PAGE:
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Reports of COVID-related supply and labour shortages have been common themes across economic headlines for the past two years. Within this, a growing lack of skilled workers has been one of the more significant symptoms of lockdown economics and become an increasingly intense challenge in many nations.

This talent and worker shortage has not been restricted to the private sector. Across the UK, US, Europe and Asia, the role of government and its workforce challenges, including talent and headcount deficits, have drawn more attention since the outbreak of the coronavirus.

The pandemic has strained public workforces, and, with growing numbers retiring, leaving or reconsidering careers in the public sector, more and more positions are going unfulfilled. In August 2021, there were over 800,000 vacant jobs in the public sector in the United States.  And in the UK, where job vacancies recently hit an all-time record, public administration and defence departments had approximately 30,000 available jobs in September 2021, while the health and social care sector advertised 172,000 open jobs.

There is a solution, in the form of “hidden workers.” Identified in research conducted with the “Managing the Future” project from Harvard Business School, such workers are either unemployed or underemployed, but, importantly for the public sector, are eager to find more or better work, increase their working hours and willing to learn.

But what exactly is this group of overlooked talent? And how are they being missed?

Hidden workers represent an incredibly diverse group spanning caregivers, veterans and military spouses, immigrants, and refugees; as well as those with physical and mental challenges, disadvantaged backgrounds, criminal records, and non-traditional education. Data suggests that in 2021, there were more than 27 million hidden workers in the US alone, with similar proportions across the UK and Germany.

Unfortunately, the data also shows this potential talent pool face huge difficulties in finding work or more working hours. And the pandemic has worsened the situation, with 45% of public sector hidden workers saying that barriers to work increased during the crisis and 56% believing that it became harder to find work because of COVID-19.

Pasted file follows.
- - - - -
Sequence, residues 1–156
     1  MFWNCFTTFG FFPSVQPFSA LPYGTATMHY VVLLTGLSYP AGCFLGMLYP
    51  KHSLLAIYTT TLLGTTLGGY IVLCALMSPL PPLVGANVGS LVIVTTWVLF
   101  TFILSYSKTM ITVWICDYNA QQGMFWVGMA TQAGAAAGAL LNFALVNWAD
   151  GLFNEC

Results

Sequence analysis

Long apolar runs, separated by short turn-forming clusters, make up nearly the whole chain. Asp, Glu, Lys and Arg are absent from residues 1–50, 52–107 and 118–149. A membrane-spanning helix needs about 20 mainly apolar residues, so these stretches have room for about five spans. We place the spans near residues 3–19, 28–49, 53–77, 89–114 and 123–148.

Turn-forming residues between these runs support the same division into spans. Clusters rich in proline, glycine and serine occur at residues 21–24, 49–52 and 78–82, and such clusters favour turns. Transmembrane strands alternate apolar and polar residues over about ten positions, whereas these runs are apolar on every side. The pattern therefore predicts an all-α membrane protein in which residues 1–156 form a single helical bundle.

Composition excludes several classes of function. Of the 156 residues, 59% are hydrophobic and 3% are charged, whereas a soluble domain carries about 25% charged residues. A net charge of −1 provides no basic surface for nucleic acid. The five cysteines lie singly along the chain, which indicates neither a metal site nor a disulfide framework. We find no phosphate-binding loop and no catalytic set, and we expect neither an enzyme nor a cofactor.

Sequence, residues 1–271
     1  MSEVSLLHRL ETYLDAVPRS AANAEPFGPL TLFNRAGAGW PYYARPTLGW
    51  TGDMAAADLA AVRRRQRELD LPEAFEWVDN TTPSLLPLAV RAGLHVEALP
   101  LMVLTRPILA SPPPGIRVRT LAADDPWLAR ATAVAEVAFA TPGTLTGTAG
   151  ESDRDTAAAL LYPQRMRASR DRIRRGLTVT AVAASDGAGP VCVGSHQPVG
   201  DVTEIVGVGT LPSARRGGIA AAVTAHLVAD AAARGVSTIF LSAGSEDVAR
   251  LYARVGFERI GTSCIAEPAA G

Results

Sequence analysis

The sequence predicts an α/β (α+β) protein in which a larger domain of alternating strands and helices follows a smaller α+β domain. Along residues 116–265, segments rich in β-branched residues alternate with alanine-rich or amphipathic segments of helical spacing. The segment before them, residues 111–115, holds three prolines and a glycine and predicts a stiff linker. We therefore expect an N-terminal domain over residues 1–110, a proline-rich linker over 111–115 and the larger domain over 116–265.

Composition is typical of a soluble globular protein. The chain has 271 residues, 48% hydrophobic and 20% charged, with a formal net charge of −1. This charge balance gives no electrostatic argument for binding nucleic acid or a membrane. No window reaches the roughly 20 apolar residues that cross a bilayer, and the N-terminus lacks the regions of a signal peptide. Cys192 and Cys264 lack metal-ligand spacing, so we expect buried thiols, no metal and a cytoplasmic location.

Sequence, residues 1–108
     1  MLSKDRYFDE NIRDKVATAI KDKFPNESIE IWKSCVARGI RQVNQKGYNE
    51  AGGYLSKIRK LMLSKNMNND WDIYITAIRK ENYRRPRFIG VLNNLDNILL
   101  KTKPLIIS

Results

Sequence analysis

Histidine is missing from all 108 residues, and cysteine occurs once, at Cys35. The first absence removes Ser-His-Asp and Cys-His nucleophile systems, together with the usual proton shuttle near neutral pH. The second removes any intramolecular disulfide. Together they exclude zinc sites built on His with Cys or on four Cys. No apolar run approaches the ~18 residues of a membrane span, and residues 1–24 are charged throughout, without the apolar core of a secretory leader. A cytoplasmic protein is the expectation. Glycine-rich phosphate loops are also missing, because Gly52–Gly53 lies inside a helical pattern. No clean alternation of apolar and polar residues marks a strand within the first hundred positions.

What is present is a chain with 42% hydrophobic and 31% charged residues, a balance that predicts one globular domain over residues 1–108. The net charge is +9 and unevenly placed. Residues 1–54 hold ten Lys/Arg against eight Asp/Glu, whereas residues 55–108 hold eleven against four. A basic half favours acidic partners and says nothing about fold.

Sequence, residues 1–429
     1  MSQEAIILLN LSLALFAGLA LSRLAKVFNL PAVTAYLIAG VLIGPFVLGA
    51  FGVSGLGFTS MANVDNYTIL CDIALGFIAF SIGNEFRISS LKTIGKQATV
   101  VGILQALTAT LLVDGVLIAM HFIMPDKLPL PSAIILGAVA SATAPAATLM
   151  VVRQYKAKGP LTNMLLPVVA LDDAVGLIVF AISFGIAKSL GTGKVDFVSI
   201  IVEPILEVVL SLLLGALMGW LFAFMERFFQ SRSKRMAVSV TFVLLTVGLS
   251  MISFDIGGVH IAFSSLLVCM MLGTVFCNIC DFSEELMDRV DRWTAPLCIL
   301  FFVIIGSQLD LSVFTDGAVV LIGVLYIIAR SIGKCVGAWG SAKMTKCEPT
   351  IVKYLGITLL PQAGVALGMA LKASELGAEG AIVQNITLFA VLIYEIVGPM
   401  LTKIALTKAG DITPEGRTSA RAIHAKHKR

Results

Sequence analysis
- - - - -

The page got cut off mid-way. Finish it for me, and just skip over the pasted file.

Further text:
So how are they slipping through the cracks? How is it that hidden workers only have a 7% success rate in getting a full-time offer, despite nearly two-thirds of executives reporting they perform “significantly better” than average in key areas like attitude, work ethic, productivity, work quality, engagement, attendance, and innovation?

Some of it is due to difficult job application processes and job descriptions filled with outdated criteria, coupled with an unwillingness to redesign work and policies to meet modern employee needs.

However, technology also plays a role via the dominance of Applicant Tracking and Recruitment Management Systems. Automating key aspects of the recruitment process is used by more than 90% of employers to maximize efficiency, but a reliance on specific parameters (e.g., full-time employment history) to identify suitable candidates means many systems also automatically exclude candidates, regardless of what other qualifications they may have. Roughly 90% of all executives acknowledge that qualified high-skills, middle- and low-skills candidates are vetted out of the process because they do not match exact job criteria.